Organisational transformation Singapore

Distressed Customer Service Management

One of the most difficult aspects of any customer service job is managing customers who are angry or frustrated with your business. It doesn’t matter what the reason for Distressed Customer Service Managementthe irritation might be. Right or wrong, difficult customers are a challenge that must be handled adeptly if you want to keep a solid client base.

The test of service excellence is how effective, responsive, proactive, delightful the service provided is in terms of addressing a customer’s problems and needs, turning unpleasant situations such as complaints into future opportunities. Understanding the psychology of difficult customers, their needs, and having the knowledge and skills to handle them well will certainly reduce work pressure making servicing interesting, and more importantly producing results for all – a win-win-win situation for the customer, the individual service provider, and the company.

We have provided many tailored workshops and team coaching sessions in the areas of handling difficult people. We also have a special program devoted to advanced customer service skills where conversations are intentional and measured to neutralize the distress.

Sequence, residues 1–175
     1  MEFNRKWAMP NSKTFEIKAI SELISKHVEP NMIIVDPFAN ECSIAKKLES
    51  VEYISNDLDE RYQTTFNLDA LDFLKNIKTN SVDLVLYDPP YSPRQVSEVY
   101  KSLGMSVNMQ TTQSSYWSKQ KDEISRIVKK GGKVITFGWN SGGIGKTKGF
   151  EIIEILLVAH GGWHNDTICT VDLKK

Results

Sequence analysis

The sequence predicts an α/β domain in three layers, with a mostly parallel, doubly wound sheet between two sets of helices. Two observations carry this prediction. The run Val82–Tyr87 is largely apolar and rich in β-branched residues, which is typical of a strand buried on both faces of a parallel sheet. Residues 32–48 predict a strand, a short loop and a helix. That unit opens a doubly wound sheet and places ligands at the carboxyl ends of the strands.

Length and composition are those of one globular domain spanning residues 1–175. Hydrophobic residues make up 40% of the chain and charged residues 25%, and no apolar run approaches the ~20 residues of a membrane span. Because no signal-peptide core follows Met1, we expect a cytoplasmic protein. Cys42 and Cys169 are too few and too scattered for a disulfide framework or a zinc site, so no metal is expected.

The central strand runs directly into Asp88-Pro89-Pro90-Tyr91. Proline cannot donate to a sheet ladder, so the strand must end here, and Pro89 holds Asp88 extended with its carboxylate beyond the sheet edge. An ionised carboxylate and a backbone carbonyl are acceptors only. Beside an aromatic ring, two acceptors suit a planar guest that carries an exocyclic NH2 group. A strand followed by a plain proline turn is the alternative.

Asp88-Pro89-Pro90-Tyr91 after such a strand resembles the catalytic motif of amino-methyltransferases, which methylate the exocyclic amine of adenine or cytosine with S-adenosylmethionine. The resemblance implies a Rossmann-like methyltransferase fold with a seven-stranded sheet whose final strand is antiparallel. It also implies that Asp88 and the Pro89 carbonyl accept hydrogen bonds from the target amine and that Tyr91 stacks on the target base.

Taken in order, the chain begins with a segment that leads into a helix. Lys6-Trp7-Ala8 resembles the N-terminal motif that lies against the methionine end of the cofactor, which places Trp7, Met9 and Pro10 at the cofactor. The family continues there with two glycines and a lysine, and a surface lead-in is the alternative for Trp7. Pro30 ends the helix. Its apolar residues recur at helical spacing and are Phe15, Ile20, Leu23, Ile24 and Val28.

These modules can be customized for face to face, phone conversations and email writing and targeted for:

  1. Business-to-Business
  2. Consumer Business
  3. Call Centre Agents

Many of our clients who have large Customer Service teams have benefitted from our advanced Customer Service framework – Distressed Customer Management – which covers the following areas of difficult situational conversations.

  • Responding to a visibly upset customer
  • Neutralizing their emotions when the customer rants
  • Controlling your anger with the customer
  • Conveying empathy without misleading the customer
  • Managing the customer who rejects our rejection
  • Defending your stance whilst keeping the customer attentive
  • Turning a deadlock conversation into a dialogue again
  • Resolving issues when there are differences
  • Learning to de-personalize instead of getting personal